A lunchtime saunter up Sauchiehall Street can be a wonderful thing. It seems like all of humanity is represented; from pensioners to office workers, small men with large dogs, students, boiler-suited buskers and evangelising preachers shrieking damnation through the distorted buzz of a loud hailer. Such was the scene on a mild July day as I walked its length to the junction with Cambridge Street, en route to one of my regular haunts for what’s probably the best lunch you can get in the city for a little over a tenner.
The Banana Leaf occupies a corner position at the junction of Cambridge and Hill Streets, a unit that was once the other half of neighbouring Glasgow institution Fazzi. A glass box with a slick but casual interior, the restaurant feels slightly out of place on what is otherwise a fairly grim stretch of road connecting Sauchiehall Street and Cowcaddens. The location isn’t great, so what of the food?
The Banana Leaf styles itself as a Malaysian Chinese restaurant which, when I first visited several years ago, posed more questions than it answered. I presumed that this was a Malaysian restaurant that, lacking the courage of its convictions, deferred to the Cantonese staples that Glaswegians know and love. Not so. Malaysian Chinese cuisine is a distinctive genre of its own derived from the culinary traditions of Chinese immigrants fused with the native spices and flavours of Malaysia. The resultant food is something rather special.
Lunchtime at the Banana Leaf means their two course set menu. The menu card reads “Starters” and “Main Courses” but your meal will come in a single serving on a black wooden tray. It’s a small detail but one that makes a lot of sense. A spring roll or roti canai is quickly demolished if served separately. But paired with the main event you can take a bite and come back to it, or anger the food gods by dipping something inappropriate in your curry.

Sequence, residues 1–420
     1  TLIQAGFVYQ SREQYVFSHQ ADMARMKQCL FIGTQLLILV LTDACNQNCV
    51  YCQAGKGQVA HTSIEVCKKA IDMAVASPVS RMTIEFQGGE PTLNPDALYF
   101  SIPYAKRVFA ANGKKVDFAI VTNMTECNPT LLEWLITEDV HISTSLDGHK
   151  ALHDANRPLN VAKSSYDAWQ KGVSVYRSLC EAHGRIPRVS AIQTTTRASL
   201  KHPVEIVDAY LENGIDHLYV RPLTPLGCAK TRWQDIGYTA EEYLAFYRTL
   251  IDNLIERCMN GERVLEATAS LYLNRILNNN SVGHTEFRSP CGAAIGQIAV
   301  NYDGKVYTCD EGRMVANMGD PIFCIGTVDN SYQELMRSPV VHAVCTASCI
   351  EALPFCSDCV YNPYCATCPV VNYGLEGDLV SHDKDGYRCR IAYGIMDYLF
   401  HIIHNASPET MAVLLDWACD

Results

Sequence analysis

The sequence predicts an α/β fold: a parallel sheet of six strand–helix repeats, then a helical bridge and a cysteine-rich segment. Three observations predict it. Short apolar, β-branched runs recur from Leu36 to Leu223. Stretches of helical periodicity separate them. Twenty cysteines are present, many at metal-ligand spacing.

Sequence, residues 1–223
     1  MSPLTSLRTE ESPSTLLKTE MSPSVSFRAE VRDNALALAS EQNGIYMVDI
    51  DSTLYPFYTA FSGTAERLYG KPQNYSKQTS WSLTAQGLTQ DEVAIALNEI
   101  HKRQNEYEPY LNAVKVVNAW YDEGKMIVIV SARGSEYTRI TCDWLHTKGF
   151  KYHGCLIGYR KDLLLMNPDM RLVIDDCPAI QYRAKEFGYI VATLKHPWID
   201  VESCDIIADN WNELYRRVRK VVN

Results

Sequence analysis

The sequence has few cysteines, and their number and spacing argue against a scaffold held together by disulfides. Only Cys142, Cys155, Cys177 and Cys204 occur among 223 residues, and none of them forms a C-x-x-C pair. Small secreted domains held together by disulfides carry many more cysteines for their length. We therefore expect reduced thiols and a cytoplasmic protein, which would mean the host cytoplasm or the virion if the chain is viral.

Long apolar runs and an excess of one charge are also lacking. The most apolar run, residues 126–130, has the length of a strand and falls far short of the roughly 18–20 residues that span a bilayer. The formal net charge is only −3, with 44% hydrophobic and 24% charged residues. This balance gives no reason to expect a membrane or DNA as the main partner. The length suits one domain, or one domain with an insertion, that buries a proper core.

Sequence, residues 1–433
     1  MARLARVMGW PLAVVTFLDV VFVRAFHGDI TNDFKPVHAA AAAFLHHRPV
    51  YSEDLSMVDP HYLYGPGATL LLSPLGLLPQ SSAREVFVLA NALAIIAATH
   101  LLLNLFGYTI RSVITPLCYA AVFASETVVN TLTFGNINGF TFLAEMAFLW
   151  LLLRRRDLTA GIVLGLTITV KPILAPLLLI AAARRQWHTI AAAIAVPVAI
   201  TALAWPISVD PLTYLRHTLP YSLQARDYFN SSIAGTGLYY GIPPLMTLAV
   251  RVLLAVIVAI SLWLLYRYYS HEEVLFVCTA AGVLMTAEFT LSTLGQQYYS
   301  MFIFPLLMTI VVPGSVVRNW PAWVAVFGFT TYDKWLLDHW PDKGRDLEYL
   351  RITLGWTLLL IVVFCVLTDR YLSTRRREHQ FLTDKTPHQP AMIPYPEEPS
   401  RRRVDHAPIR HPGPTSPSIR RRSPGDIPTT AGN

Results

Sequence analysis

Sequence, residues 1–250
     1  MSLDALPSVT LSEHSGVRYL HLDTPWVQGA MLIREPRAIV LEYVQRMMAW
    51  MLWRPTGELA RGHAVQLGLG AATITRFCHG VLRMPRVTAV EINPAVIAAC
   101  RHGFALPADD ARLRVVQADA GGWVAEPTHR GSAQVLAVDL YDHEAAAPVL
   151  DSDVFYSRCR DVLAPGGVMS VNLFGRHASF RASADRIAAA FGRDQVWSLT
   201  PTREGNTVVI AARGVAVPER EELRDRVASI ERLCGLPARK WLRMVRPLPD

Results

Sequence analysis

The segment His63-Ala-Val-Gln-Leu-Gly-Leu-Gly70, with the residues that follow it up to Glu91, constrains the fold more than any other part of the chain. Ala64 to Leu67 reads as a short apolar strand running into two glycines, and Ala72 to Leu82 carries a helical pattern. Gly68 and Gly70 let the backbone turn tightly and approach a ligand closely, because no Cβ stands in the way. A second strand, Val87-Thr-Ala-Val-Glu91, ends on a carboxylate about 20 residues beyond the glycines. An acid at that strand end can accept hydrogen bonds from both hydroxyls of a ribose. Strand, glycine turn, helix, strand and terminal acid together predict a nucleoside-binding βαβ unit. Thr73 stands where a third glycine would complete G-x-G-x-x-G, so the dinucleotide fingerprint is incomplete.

With my noodle obsession getting the better of me I went for the only noodle dish on the menu: the laksa. Noodles are my thing, but noodles floating in a rich and satisfying, curry-coconut broth is enough to send me to my happy place. I chose rice vermicelli noodles and they held up well to the piping hot soup. As well as the noodles there were crispy prawn wontons, slices of fishcake along with chunks of fried tofu and char siu. Every element was delicious but the char siu deserves a special mention. Too often this Chinese barbecue pork is a fatty, gristly disappointment, but here it was tender and bursting with flavour. The overall level of spice was fairly low for a dish with 3 chilis ominously emblazoned alongside it on the menu. This was a much milder laksa than I’ve eaten at Rumours for example. For my side dish I chose achar salad; a sweet and zingy pickled vegetable salad that did a great job of cutting through the richness of the laksa.
My lunch buddy chose crispy chicken fillet served in a plum sauce. The chicken had that peculiarly eastern texture: crispy despite being smothered in sauce. It was tender and the plum sauce had a moreish sweet and sour quality despite not packing a particularly distinctive flavour. The accompanying fried rice was served piping hot and in generous proportions. His side was keropok lekur, which apparently translates as crispy fish crackers and these were served with a chili dipping sauce. They looked rather unappealing to me but I’m assured that they were tasty and pungently fishy.
I’ve always enjoyed the food at the Banana Leaf. The lunch menu is astonishing value at £10.50 and it whets the appetite for a return visit where the rest of their extensive menu can be explored. But I’ve never quite made it for that return visit perhaps, in part, due to the location. Thankfully I no longer have that excuse as they’ve recently opened a restaurant on Byres Rd. A visit to the Banana Leaf followed by an excursion along Ashton Lane sounds like a perfect Saturday evening to me.
For two courses plus two soft drinks our bill came to an almost comical £21.30. It’s difficult to see how you could do better than this on a Friday lunchtime.
67 Cambridge Street
0300 124 5099
Quick and friendly service